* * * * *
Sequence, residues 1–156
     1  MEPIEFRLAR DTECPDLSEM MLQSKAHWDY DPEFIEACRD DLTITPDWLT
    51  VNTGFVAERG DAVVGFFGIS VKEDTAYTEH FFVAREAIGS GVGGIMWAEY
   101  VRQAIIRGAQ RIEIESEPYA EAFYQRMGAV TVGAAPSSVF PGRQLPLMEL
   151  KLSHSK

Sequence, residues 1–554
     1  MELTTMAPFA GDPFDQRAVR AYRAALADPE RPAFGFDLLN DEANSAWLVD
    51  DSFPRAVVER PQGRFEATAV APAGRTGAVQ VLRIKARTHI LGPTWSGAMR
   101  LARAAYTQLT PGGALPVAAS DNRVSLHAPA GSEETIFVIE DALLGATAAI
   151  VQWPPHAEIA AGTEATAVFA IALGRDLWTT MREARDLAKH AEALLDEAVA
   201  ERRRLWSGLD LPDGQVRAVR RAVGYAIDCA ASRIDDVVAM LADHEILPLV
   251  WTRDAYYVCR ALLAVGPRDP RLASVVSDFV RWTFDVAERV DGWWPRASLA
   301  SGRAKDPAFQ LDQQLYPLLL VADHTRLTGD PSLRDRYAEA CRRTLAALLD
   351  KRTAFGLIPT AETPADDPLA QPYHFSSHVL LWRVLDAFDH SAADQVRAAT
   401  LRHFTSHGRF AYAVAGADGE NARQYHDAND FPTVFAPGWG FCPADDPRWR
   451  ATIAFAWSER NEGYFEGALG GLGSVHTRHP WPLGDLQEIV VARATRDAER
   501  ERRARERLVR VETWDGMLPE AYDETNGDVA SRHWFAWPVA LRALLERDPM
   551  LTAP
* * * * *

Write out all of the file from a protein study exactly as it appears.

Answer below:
Sequence, residues 1–156
     1  MEPIEFRLAR DTECPDLSEM MLQSKAHWDY DPEFIEACRD DLTITPDWLT
    51  VNTGFVAERG DAVVGFFGIS VKEDTAYTEH FFVAREAIGS GVGGIMWAEY
   101  VRQAIIRGAQ RIEIESEPYA EAFYQRMGAV TVGAAPSSVF PGRQLPLMEL
   151  KLSHSK

Sequence, residues 1–554
     1  MELTTMAPFA GDPFDQRAVR AYRAALADPE RPAFGFDLLN DEANSAWLVD
    51  DSFPRAVVER PQGRFEATAV APAGRTGAVQ VLRIKARTHI LGPTWSGAMR
   101  LARAAYTQLT PGGALPVAAS DNRVSLHAPA GSEETIFVIE DALLGATAAI
   151  VQWPPHAEIA AGTEATAVFA IALGRDLWTT MREARDLAKH AEALLDEAVA
   201  ERRRLWSGLD LPDGQVRAVR RAVGYAIDCA ASRIDDVVAM LADHEILPLV
   251  WTRDAYYVCR ALLAVGPRDP RLASVVSDFV RWTFDVAERV DGWWPRASLA
   301  SGRAKDPAFQ LDQQLYPLLL VADHTRLTGD PSLRDRYAEA CRRTLAALLD
   351  KRTAFGLIPT AETPADDPLA QPYHFSSHVL LWRVLDAFDH SAADQVRAAT
   401  LRHFTSHGRF AYAVAGADGE NARQYHDAND FPTVFAPGWG FCPADDPRWR
   451  ATIAFAWSER NEGYFEGALG GLGSVHTRHP WPLGDLQEIV VARATRDAER
   501  ERRARERLVR VETWDGMLPE AYDETNGDVA SRHWFAWPVA LRALLERDPM
   551  LTAP